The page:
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With a YYYY-MM-DD HH:MM:SS date I always store the UTC time. When I pull to display I translate timezones with built-in PHP functions and classes.

I believe that is one correct way to do it and it makes sense to me.

May I handle YYYY-MM-DD the same way?

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In addition to ChrisF's comments ... why wouldn't you handle the date the same way? Move the whole timestamp to UTC and be consistent. Where's the problem? – GlenH7 Dec 22 '12 at 2:24
up vote 6 down vote accepted

That would depend on how you interpreted the date.

If you use the date as though it were YYYY-MM-DD 00:00:00 (or any specific time) then you would probably want to take account of time zones.

If you use the date as just on indication of the day then you probably don't.

This is vague as without the context of what you are doing with the dates, it is just guesswork.

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A date alone is pretty meaningless without the location/timezone.

UTC offsets range from -12:00 to +14:00. That's a span of 26 hours, plus the 24 hours the day will last. This means that yesterday's doomsday (yesterday relative to my local timezone) lasted for a total of 50 hours. I.e. for 50 hours, somewhere on the world it is the 21st Dec. 2012. And then there's the daylight saving time.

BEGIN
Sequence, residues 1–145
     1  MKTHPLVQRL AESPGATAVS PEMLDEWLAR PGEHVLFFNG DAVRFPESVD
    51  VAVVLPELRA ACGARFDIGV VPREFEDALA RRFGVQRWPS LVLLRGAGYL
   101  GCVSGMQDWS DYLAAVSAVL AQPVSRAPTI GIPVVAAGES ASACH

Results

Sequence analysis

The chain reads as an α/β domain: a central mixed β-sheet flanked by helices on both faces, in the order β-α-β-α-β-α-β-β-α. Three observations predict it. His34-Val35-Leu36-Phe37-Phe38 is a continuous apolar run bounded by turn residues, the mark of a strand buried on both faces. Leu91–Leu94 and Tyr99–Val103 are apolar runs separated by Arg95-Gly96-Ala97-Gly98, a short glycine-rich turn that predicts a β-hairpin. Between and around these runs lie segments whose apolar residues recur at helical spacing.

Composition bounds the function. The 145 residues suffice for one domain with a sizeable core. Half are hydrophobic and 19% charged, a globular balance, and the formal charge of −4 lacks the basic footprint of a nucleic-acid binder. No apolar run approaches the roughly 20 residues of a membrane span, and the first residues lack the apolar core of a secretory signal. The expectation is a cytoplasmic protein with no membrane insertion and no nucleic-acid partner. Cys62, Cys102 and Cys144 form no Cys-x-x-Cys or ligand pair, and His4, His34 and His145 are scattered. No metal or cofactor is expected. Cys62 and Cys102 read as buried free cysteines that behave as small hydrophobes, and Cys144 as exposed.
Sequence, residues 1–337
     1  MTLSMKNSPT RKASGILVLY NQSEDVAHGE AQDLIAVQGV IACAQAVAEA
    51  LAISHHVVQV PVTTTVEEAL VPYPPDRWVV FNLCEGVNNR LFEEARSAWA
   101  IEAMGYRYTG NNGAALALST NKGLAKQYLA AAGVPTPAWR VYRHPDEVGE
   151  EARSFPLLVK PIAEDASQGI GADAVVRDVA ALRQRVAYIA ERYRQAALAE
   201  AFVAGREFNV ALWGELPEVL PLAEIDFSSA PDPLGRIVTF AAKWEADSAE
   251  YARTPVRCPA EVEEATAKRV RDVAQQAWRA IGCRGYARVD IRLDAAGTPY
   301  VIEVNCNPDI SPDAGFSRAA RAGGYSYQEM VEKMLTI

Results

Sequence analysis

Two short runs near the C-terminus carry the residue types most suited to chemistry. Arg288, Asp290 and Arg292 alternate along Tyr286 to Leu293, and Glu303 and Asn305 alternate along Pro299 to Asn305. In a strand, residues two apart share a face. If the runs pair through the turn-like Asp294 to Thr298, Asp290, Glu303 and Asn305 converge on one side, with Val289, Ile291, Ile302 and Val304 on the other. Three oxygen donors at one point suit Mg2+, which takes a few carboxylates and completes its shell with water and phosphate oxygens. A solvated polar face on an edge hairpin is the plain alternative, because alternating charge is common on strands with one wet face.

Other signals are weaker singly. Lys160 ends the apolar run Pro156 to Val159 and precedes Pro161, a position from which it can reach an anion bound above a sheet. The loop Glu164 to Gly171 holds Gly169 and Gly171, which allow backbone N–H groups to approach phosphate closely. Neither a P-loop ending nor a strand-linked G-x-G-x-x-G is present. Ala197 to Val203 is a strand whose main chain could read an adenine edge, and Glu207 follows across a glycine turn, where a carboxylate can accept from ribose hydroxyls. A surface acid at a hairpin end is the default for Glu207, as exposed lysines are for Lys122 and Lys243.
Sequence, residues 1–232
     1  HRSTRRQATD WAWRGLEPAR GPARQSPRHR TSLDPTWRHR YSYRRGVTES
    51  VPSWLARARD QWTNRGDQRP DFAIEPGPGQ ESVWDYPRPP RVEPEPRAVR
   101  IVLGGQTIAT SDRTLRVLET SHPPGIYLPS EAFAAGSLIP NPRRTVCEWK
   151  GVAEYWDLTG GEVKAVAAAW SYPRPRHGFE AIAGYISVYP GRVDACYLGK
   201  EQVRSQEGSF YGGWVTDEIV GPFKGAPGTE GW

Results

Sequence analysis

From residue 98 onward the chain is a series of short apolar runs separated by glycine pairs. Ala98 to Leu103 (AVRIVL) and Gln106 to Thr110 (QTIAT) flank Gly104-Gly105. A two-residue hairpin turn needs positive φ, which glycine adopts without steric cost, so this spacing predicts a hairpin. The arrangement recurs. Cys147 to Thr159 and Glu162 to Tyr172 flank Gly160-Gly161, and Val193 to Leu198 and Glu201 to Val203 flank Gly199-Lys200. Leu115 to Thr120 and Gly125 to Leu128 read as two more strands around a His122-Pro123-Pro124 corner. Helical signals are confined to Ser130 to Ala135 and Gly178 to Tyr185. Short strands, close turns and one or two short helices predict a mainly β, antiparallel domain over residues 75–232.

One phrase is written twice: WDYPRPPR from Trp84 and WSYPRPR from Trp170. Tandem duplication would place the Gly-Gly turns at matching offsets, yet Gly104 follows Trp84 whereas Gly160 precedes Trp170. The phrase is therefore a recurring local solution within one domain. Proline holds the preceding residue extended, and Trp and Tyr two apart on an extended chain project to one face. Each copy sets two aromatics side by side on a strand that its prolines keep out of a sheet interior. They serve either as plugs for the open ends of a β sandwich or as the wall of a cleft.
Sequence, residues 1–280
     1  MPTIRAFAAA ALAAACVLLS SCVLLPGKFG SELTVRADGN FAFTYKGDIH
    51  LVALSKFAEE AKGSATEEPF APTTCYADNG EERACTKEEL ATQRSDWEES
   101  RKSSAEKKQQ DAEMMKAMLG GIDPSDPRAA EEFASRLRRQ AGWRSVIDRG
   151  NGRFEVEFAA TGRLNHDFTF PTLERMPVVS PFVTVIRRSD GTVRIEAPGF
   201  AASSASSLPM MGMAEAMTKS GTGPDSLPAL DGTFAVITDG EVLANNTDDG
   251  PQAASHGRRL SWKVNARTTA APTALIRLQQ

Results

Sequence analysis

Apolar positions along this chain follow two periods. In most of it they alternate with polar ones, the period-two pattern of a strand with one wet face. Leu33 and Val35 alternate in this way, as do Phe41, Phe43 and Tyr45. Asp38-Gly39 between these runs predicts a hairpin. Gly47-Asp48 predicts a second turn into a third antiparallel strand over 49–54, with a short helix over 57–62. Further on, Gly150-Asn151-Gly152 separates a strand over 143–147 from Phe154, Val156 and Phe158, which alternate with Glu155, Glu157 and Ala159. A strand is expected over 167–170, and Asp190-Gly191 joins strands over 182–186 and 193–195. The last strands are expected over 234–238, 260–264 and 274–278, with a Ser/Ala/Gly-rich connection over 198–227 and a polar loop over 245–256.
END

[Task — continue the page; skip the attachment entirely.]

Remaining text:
Did you see any end-of-the-world-agenda (2:00pm - The Mayans will return to earth with an alien spaceship) or end-of-the-world-24h-countdown that included the timezone?

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"for 50 hours, somewhere on the world it is the 21st Dec. 2012" You mean for 26 hours, right? – Kenzo Dec 22 '12 at 9:49
No 50 hours - when it was 12:01 AM in London it had been the 21st of December for hours in Australia, and it was many hours away from being the 21st in Hawaii. Each point on the earth experienced the day for 24 hours but the world experienced it for 50. – mhoran_psprep Dec 22 '12 at 12:55
actually, if you consider the limiting integral for all points on the planet, it is an unbound upper limit. – ADP Dec 22 '12 at 14:38

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